Periprocedural bradycardia is associated with epicardial reperfusion but may also be a sign of no-reflow on coronary angiography. Myocardial reperfusion can evoke excitation of cardiac vagal nerve endings , which can cause coronary artery spasm and elicit no-reflow. The vascular endothelium is a multifunctional organ whose integrity is essential to normal vascular physiology. In humans, acetylcholine, the neurotransmitter of the parasympathetic nervous system, which is an endothelium-dependent vasodilator by virtue of the release of nitric oxide or closely related substances, induces coronary dilation in young healthy subjects but causes vasoconstriction in patients with atherosclerosis [10–14]. Acetylcholine is a vascular expansion agent when the endothelial cell function is normal. The expansion effect is mainly because it can induce endothelial cells to secrete nitric oxide . However, smooth muscle cells can induce contraction of vascular, which causes coronary artery spasm when vascular endothelial cells were lost or dysfunction [15, 16].
Using thrombus aspiration devices during operation is more likely to evoke periprocedural bradycardia. Periprocedural bradycardia associated with mechanical thrombectomy using the AngioJet device is a well-described phenomenon in the coronary vessels [17, 18]. Glycopyrrolate, a synthetic anticholinergic agent with a short half-life affecting vagal afferents, has also been used to prevent and treat periprocedural bradycardia associated with the AngioJet device [19, 20]. Periprocedural bradycardia associated with manual thrombus aspiration devices is seldom described in the coronary vessels in the literature. But it does not mean rare.
4.1. Study Limitations
Some patients were enrolled >10 years ago; thus, their treatment may not conform to current standards and techniques.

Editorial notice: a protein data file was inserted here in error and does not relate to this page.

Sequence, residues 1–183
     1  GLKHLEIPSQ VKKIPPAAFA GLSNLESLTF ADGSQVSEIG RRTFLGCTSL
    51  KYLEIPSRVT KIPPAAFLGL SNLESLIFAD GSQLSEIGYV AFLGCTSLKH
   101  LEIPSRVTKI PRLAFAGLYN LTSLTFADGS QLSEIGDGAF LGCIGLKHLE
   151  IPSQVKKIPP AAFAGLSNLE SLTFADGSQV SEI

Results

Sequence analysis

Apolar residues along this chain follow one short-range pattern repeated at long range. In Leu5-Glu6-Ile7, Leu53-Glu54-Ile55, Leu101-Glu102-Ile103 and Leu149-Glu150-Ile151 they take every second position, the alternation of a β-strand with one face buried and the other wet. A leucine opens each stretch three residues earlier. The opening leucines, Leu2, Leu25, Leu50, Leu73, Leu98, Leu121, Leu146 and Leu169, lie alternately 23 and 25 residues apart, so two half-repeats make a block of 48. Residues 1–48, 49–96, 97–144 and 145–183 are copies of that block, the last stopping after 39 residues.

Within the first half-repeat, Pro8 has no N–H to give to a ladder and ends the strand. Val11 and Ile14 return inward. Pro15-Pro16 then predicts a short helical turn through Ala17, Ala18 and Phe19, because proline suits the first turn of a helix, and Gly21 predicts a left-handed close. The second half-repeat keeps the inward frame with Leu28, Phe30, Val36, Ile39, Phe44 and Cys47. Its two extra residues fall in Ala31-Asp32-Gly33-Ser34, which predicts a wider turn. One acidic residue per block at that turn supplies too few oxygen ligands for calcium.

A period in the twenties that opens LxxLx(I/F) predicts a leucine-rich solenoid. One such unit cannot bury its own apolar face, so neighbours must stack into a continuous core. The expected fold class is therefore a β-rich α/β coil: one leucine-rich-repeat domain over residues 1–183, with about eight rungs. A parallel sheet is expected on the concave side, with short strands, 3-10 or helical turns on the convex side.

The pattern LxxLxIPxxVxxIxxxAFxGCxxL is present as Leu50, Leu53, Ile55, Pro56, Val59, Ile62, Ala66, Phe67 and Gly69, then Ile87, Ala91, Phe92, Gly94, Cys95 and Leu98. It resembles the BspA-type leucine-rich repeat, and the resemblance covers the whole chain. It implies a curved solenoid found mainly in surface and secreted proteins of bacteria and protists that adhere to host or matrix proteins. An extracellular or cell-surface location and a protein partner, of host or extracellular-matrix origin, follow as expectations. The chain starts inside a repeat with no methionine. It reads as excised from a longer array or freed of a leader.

No-reflow, the culprit vessel was not LAD, using thrombus aspiration devices during operation, gender, completely block of culprit vessel, and intraoperative hypotension may be independent risk factors for predicting periprocedural bradycardia during PPCI in patients with acute STEMI.
|PPCI:||Primary percutaneous coronary intervention|
|STEMI:||ST-elevation myocardial infarction|
|ROC:||Receiver operating characteristic|
|AUC:||Area under the receiver operating characteristic curve|
|AMI:||Acute myocardial infarction|
|TIMI:||Thrombolysis In Myocardial Infarction risk score|
|RCA:||Right coronary artery|
|LCX:||Left circumflex coronary artery|
|LAD:||Left anterior descending.|
The data used to support the findings of this study are included within the supplementary information file.
The Ethics Committee of Beijing Anzhen Hospital, Capital Medical University, approved the study (approved no: 2019012X). We registered this study with WHO International Clinical Trials Registry Platform (ICTRP) (registration number: ChiCTR1900023214; registered date: 16 May 2019).
Conflicts of Interest
The authors declare that they have no conflicts of interest.
Yong Li contributed to generating, analysing, and interpreting the study data and drafted the manuscript. Shuzheng Lyu contributed to planning and revised the manuscript critically for important intellectual content. Yong Li and Shuzheng Lyu are responsible for the overall content as guarantor. All authors have read and approved the manuscript.
The data are demographic, clinical, and angiographic characteristics of patients during PPCI. PB = periprocedural bradycardia; CNR = coronary artery no-reflow phenomenon; AGE = age; G = gender; HH = hypertension history; DH = diabetes history; CADH = coronary heart disease history culprit vessel site; LAD = left anterior descending; LCX = left circumflex coronary artery; RCA = right coronary artery; CBCV = completely block of culprit vessel; IH = intraoperative hypotension; TA = using thrombus aspiration devices during operation. (Supplementary Materials)
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Copyright © 2019 Yong Li and Shuzheng Lyu. This is an open access article distributed under the Creative Commons Attribution License, which permits unrestricted use, distribution, and reproduction in any medium, provided the original work is properly cited.